This takes three dimensions. There is the media, there is freedom of association, and there is use of money and gifts in the campaigns. The media was free, so you cannot say it was one voice on these media from the state and no other candidates were allowed. But again when you look at state media, the law says such media should give equal time to all candidates, this failed according to our monitors. Presidential candidates were not restricted in movements to campaign.

We find it undemocratic to see candidates influencing voters through use of money and gifts. This means that voters need to be educated and empowered about the importance of votes. They need to learn that their vote is shielded in secret ballot, for example if a candidate tried to influence you or intimidate you, you have the shelter of being secret that in the box nobody knows what you have put in. Now if the citizen does not know his right or he thinks the state or somebody else might be seeing and be discovered, then there is fear. We were disappointed that voters might think that whoever gives the biggest gifts or money therefore is the best candidate.

In future elections what would like you to observe being done better?

We would like to see better trained polling staff and more education of the citizens about the power of their vote. There was low voter education. Voters should vote issues and look out for candidates who discuss issues that affect them. Voter education should aim to tell the voter on issues to check for on the voting day.

You simply stated that the elections were peacefully apart from isolated violence in some parts. Were they credible, free and fair?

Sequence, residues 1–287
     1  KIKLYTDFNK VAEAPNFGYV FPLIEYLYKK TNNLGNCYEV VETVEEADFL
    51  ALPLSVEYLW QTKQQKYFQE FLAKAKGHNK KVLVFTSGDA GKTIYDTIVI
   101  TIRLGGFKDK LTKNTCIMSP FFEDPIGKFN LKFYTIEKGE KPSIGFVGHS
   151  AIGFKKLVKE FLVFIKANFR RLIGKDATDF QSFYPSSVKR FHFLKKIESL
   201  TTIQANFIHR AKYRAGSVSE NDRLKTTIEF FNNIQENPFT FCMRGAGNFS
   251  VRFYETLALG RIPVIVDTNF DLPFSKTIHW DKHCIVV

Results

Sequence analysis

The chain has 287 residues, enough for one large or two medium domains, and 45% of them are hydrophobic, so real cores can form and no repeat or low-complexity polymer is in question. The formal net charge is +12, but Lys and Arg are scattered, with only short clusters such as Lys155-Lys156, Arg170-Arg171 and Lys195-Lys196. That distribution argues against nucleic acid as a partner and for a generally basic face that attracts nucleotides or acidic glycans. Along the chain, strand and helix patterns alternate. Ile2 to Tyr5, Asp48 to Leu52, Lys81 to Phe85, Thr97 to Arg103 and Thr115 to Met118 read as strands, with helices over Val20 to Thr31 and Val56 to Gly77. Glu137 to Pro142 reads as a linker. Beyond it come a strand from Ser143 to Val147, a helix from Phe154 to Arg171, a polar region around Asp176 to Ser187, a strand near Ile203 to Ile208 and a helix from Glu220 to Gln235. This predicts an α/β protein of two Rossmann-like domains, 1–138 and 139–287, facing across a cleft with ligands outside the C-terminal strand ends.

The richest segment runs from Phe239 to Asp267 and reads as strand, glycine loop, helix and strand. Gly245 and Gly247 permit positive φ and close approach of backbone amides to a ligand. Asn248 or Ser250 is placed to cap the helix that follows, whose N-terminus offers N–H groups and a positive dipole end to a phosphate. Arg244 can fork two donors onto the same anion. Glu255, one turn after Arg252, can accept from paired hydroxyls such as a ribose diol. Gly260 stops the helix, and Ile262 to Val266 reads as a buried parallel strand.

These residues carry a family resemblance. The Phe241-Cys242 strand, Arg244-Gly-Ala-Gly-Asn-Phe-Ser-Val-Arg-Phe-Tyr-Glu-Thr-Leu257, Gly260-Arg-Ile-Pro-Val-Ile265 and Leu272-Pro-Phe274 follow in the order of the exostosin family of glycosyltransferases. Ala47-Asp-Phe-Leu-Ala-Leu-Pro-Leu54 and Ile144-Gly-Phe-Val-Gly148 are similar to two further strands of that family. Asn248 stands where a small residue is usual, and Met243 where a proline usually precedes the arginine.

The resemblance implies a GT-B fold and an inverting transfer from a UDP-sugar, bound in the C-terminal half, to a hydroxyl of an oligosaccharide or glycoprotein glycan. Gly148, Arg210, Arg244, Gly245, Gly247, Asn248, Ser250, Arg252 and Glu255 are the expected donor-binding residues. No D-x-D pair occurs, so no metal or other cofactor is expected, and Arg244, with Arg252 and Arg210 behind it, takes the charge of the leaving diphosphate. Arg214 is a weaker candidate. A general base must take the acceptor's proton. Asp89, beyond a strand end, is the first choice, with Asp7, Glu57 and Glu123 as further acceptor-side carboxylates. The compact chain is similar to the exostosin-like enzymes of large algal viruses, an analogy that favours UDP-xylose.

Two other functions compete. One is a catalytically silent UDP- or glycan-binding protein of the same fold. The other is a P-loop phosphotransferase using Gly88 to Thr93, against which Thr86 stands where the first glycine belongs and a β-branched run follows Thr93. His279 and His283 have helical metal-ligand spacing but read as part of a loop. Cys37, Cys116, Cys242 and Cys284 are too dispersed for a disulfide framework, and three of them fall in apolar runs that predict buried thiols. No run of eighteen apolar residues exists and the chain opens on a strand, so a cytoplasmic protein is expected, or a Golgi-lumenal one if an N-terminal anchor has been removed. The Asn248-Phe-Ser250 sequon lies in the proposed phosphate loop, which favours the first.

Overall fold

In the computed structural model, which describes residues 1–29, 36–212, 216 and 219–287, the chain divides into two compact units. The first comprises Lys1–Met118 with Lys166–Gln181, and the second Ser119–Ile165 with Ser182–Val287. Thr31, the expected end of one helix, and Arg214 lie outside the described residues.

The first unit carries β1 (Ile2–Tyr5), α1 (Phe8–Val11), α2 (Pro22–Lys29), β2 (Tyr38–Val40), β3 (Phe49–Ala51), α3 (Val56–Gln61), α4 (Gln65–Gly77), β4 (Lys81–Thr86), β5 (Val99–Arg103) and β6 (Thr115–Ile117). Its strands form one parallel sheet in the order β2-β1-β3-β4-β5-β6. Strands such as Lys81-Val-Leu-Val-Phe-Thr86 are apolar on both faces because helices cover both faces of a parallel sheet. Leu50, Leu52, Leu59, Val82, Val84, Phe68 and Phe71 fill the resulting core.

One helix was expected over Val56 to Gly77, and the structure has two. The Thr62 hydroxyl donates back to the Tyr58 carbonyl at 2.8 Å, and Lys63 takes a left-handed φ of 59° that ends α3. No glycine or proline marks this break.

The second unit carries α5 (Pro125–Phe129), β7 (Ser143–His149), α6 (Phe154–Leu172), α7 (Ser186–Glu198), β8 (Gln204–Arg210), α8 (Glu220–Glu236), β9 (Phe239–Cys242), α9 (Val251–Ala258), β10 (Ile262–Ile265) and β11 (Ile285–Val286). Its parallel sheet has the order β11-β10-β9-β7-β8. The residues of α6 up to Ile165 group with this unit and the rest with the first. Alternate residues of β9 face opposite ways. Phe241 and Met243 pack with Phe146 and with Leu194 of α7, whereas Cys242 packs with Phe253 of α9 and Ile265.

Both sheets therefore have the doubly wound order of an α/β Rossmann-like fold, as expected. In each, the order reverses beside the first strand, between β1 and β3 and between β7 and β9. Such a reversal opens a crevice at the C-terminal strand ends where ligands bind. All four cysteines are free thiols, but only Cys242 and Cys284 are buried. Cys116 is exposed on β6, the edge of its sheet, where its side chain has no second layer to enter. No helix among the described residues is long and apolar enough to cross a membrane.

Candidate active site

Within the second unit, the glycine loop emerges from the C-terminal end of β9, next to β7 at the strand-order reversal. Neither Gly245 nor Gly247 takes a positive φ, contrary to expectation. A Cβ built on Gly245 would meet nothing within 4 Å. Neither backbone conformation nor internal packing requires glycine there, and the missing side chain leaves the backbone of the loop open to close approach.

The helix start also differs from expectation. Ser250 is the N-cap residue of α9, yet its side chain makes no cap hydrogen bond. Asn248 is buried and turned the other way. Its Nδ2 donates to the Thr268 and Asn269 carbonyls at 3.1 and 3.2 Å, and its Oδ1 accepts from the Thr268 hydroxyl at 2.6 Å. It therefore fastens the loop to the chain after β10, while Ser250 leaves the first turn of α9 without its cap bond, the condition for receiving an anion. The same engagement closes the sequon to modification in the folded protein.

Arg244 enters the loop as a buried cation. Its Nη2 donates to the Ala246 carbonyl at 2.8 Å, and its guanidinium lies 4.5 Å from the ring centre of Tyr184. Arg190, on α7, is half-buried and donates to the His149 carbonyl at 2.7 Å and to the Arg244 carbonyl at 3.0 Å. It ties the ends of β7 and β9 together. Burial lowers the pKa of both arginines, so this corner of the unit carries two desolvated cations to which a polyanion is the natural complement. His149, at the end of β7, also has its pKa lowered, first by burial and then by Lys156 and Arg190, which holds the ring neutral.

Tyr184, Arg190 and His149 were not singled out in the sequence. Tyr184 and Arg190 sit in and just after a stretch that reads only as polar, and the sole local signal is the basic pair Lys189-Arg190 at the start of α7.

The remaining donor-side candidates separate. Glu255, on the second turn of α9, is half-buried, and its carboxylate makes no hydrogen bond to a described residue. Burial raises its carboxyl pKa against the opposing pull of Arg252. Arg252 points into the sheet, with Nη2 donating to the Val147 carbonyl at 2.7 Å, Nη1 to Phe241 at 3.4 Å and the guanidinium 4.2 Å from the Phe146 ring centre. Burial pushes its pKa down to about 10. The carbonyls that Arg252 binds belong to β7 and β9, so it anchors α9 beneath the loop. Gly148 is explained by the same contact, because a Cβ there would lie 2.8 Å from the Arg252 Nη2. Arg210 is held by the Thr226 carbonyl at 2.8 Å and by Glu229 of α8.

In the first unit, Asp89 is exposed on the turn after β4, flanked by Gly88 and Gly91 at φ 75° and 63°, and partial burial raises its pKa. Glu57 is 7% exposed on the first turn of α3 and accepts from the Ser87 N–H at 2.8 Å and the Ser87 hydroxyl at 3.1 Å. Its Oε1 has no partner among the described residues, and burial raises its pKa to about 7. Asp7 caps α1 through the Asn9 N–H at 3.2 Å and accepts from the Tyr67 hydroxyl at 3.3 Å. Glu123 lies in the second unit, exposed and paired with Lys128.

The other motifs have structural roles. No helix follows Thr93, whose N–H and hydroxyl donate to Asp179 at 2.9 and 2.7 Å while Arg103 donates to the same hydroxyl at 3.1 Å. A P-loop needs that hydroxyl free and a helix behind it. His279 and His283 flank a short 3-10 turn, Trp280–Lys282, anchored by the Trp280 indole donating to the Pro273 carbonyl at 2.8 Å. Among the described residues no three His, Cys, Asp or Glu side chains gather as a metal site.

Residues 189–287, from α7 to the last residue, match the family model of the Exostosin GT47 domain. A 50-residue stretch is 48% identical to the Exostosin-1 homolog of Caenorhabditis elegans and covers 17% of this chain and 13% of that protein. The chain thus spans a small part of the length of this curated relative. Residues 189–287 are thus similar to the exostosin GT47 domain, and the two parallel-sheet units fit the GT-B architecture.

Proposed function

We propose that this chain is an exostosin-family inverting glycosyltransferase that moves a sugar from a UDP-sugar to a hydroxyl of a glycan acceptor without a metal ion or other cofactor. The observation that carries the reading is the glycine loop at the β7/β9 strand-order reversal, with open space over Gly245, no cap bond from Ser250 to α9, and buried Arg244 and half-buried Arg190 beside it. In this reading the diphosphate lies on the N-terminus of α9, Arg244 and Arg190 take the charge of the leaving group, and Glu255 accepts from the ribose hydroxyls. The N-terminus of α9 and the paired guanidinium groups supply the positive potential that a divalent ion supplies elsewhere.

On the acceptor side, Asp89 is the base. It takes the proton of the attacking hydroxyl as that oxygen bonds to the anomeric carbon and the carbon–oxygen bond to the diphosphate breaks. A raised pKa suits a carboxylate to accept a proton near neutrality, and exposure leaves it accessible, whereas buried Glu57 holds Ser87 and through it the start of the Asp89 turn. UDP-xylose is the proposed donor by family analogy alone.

From a human rights point of view the death of one person is too many.  We cannot minimize the ugliness of the violence meted out in some places on a few individuals.  However, we are also concerned about the other millions of voters who stayed out of voting: were they intimidated, were they scared of the violence or the presence of the army and police and they chose to stay? In our overall picture we are satisfied that in general the election was peaceful but it was not a 100 percent. There are so many things were not pleased with, for example the police officers deployed at the polling stations who though unarmed should not have been very close to the ballot box.

What is your take on the heavy deployment of the army on the streets on the voting?

I know this is Uganda and you had a nasty incident in July last year. Yes, you need these soldiers to contain the security threat. However, where there is peace, keep the soldiers hidden but on standby. An election is a peaceful democratic activity; you are not in a warzone. When they are needed you can bring them in but not marching them across polling stations.

So would you describe the election as being credible, free and fair?

I object to those words because they pigeon hole the measure of trying to either legitimise a government or go into various implications. Our job is to observe and we say what in a democratic process failed and succeeded. We were pleased to see representatives of political parties go where the ballot papers were printed, were pleased with results being posted on the EC internet for the stakeholders to see during tallying. But we would wish to see results up to the polling stations posted. We do not suspect overall ballot stuffing or rigging but there were isolated cases of such.

You deployed 120 observers who visited 643 polling stations out of 23,851. Would this enable you capture a fair observation of the election and thus make your report credible?

A sample of 600 even for the USA is acceptable. If you select the sample very well, catering for the differences in regions, ethnicity, languages, gender, education, that is enough. We have enough reach at that figure to give our conclusion; we are not giving election results.